Did your twins stay with you or in the hospital nursery at night? Since they had feeding tubes, they could not stay with us all night. We could feed them in our room, but they would have to go back to the nursery to finish their tube feed.
What are three things you are so glad you had (or wish you would have had) at the hospital? Since I literally left work one day to see the doctor and then came home one month later with two babies, I did not get to pack any kind of hospital bag! Everything I had, either my husband or my family and friends brought up for me. My top three for the birth and days following were:
1. Comfy clothes. I lived in the Gap Maternity tees, tanks and yoga pants.
2. Slippers. You have to walk the halls pretty frequently after a c-section and some warm slippers were way better than those terrible hospital grippy socks.
3. Juice. For the first day or so, I could still only eat liquids. The hospital had little cartons of cranberry-grape juice that Mark and I would hoard in our room. When all you can consume is liquid, anything with flavor tastes AMAZING. To this day, we still buy the cranberry-grape juice to have at home.
Describe one of your favorite moments while you were at the hospital: The night of the boys’ birth was my favorite time at the hospital. We were so excited and still so surprised to have two sons. I was in zero pain (thank you epidural), so everything was just so fun and relaxed. Mark and I chatted about what we would name Parker while we waited for Henry to come up from the nursery (Parker was already in the NICU at this point and could not come to our room that night). We were finally a family (of four!). It felt so surreal and special, like we knew we would never have another night like this again.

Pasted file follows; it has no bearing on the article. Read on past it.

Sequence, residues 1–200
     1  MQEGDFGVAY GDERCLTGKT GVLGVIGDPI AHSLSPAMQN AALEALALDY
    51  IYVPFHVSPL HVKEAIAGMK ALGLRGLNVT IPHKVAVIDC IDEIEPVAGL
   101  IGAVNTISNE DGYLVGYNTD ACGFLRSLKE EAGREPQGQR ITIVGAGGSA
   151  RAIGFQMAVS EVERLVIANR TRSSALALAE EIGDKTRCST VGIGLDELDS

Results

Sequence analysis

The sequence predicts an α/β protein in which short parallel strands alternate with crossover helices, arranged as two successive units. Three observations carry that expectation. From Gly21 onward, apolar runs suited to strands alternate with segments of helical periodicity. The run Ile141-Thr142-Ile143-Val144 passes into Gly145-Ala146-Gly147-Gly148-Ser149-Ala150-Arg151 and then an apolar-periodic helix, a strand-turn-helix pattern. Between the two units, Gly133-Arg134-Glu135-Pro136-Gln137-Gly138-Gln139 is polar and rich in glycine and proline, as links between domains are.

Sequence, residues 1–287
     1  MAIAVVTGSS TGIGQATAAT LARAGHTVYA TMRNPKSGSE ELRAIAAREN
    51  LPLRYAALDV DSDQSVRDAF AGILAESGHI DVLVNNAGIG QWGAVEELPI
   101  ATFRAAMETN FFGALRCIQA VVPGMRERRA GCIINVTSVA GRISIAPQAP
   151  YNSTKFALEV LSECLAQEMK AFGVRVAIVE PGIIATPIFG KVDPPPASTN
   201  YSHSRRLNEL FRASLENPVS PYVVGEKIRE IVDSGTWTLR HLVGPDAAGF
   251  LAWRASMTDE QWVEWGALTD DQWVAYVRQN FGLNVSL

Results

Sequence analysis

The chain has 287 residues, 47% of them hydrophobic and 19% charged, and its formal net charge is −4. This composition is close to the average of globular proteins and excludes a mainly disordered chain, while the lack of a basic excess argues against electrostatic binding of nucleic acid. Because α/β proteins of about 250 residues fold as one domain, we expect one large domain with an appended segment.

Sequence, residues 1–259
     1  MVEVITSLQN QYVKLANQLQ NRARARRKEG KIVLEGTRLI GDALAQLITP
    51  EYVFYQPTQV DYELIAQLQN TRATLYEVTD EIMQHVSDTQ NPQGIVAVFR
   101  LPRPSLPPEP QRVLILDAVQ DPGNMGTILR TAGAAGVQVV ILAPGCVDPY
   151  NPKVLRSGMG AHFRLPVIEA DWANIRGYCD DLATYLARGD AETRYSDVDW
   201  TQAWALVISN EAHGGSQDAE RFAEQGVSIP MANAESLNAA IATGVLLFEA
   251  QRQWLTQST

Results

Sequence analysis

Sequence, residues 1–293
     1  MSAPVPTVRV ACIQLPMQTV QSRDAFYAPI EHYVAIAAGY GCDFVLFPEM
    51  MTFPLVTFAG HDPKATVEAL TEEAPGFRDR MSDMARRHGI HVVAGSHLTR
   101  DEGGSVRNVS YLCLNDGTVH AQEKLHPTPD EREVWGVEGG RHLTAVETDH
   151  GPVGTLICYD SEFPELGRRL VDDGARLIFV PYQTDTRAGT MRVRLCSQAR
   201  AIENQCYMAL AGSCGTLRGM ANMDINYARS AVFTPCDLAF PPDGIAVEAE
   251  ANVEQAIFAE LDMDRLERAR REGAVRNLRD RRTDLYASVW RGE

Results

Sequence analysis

If you had one piece of advice you could give an expecting mom of twins, what would it be? My biggest piece of advice is to be a team with your co-parent. This sounds cliche and obvious, but it needs to be something you consciously decide to do. There are going to be times when you are at your wits end and you have no idea how to help your crying baby (or babies). You will be frustrated and crying and angry and you will take it out on your spouse or partner. You will yell at them or make some snide remark or just generally be mean. We had a few spats or angry outbursts like this early on, especially when Parker was very young and had colic. But then we made a conscious decision to be a team and know that, even if we didn’t know what the heck we were doing, we were going to do it together and help each other without judging or getting snippy. We are laid-back and don’t let the little (or big) things get to us. Are we doing this right? Are we doing that right? Is it okay that we fall asleep on the couch at 3:30 AM while we are giving Henry a bottle? Who knows. But we are doing it together and supporting each other. Having this attitude and relationship is 100% keeping us sane. We truly do not let each other get stressed (or at least not very often) because we know, no matter what, we are in this together.
Amanda's Blog: Bright As The Dallas Sky